by Tony Cartalucci
as they hurl rocks at ElBaradei who most certainly is an American agent
– a trustee of the US International Crisis Group alongside George Soros.
Once again, Wikileaks provides suspiciously timed help for a globalist in need. Mohamed ElBaradei, US International Crisis Group trustee and leader of the Western-backed & trained youth movement that helped remove Hosni Mubarak from power, has been running into trouble in Egypt recently.
During the March 19th vote on Egypt’s constitution, ElBaradei was attacked on his way to the polls by an angry mob calling him “an American agent.” His troubles were compounded when the constitutional amendments, which ElBardei had told supporters to reject, passed by a large margin. ElBaradei of course, wanted the constitution rewritten from scratch, with a newly drafted proposal, funded by fellow ICG trustee George Soros, ready and waiting to be ramrodded through.
With ElBaradei steeped in growing political mire and dealing with rumors that he and his stooge Wael Ghonim are part of a Western plot, global news wires are now reporting a Wikileaks release painting him in an anti-American light. The 2009 cables reveal that American officials were “unhappy” with ElBaradei. The news report also includes some off-hand comments about ElBaradei’s plans to reestablish ties with Tehran and his thoughts on the Middle East peace process being a “ridiculous joke.”
Despite repeated claims that ElBaradei was or is an obstacle to Western interests, his “opposition” towards America over Iraq didn’t forestall America’s inevitable invasion, nor has it hampered operations against Iran. With ElBaradei openly a trustee of the corporate lined International Crisis Group alongside George Soros, Wesley Clark, Zbigniew Brzezinski, and Richard Armitage, it’s hard to believe his jabs were anything more than rhetorical fodder for his impressionable followers.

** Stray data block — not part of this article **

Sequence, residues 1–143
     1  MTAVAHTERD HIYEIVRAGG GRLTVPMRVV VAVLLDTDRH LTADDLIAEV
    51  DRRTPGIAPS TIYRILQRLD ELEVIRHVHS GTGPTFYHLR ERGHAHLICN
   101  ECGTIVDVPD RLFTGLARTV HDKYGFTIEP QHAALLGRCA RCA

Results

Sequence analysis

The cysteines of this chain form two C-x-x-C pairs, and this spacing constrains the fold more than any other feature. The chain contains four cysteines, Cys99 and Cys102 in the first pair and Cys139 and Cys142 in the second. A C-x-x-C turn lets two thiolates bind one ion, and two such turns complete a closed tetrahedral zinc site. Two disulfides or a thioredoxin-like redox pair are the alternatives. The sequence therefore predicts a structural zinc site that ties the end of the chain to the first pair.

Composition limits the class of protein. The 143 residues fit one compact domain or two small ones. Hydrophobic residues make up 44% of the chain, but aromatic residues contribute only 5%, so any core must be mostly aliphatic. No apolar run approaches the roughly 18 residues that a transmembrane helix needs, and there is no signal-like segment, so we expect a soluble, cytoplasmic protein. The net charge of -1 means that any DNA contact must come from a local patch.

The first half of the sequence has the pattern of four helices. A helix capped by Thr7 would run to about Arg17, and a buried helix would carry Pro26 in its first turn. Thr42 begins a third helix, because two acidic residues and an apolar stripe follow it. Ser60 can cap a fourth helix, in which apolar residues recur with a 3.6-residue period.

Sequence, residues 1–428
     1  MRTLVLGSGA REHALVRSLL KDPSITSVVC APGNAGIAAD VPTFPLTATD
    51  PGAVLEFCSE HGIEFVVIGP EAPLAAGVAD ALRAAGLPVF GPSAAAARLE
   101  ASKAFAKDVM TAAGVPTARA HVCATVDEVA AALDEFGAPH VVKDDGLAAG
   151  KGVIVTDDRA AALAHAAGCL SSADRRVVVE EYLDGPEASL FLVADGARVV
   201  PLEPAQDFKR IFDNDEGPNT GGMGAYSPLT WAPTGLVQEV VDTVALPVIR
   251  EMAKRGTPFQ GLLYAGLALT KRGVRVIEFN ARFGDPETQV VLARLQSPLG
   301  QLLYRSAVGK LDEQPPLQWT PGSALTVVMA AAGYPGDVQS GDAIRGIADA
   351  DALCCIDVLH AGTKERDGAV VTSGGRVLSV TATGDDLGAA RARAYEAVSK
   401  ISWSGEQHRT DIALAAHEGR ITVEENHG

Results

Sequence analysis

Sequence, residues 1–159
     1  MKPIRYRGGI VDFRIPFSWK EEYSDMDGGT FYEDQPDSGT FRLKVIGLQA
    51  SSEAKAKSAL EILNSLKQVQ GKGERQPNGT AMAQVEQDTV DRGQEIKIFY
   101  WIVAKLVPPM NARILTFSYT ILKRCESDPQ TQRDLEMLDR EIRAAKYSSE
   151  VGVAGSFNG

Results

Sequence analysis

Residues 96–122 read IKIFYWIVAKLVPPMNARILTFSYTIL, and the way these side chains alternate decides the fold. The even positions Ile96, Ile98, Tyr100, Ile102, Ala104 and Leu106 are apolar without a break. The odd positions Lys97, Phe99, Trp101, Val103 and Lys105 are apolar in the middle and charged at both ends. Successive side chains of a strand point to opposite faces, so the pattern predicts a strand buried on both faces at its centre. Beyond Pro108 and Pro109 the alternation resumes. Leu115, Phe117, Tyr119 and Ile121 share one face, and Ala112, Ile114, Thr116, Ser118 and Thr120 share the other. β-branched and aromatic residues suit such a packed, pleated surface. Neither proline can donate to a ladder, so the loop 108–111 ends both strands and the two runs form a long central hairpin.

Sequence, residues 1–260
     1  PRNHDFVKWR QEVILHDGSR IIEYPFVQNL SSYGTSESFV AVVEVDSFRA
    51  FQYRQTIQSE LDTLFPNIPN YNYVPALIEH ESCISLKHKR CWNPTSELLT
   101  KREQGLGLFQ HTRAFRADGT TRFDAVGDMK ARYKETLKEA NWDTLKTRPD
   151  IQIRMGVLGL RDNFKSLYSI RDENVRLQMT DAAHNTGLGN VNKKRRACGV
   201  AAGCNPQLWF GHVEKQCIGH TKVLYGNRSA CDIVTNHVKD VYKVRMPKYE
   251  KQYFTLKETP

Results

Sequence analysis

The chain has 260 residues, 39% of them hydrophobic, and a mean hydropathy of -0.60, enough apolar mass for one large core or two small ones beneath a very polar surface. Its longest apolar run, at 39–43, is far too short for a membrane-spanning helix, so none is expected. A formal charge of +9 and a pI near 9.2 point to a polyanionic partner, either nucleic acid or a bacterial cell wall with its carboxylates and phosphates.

As rocks flew past ElBaradei on March 19th, one might say the “barrier of legitimacy” has been broken, just as ElBaradei helped break the “barrier of fear” surrounding Hosni Mubarak’s regime. ElBaradei’s image is quickly being hobbled by his deep ties to the US, his disingenuous meddling in Egyptian politics, and now his failure to sneak in his Soros-funded constitution. With a similar movement in Libya now overtly transforming into a Western invasion, ElBardei and opposition leaders across the Middle East will be fighting an uphill battle against accusations of being agents of the West – a battle the one-trick pony of Wikileaks most likely can’t help fight.
In the Rest of the Region
Perhaps sensing the momentum of the “Arab Spring” grinding to a halt, Nicolas Sarkozy of France recently cited the bombardment of Libya and the “responsibility to protect” as a warning to the remaining Arab states. In particular he directed his warning toward Syria stating that, “every ruler should understand, and especially every Arab ruler should understand that the reaction of the international community and of Europe will from this moment on each time be the same: we will be on the side of peaceful protesters who must not be repressed with violence.”
Sarkozy is not hindered by the fact that Libya’s opposition consisted of armed rebels from the very beginning who have been fighting Libya’s government on and off with US aid for the last three decades.
Sarkozy went on to say that there is a new post-UNSC 1973 model of “world governance.” This is interesting to note, as this is foreshadowed in a Brookings Institute report titled “Libya’s Test of the New International Order” back in February 2011. In it, proving the primacy of international law over national sovereignty was considered being at stake in Libya and the need to intervene being essential. Indeed, as the illusion of the “Arab Spring” fades, and targeted nation-states start fighting back, more aggressive measures are being rolled out to achieve the globalists’ objectives. This includes military intervention on behalf of armed rebels, torn right from the pages of Brookings’ own 2009 “Which Path to Persia?” report. Sarkozy’s dangerous rhetoric certainly does open the door to intervention in both Syria and Iran.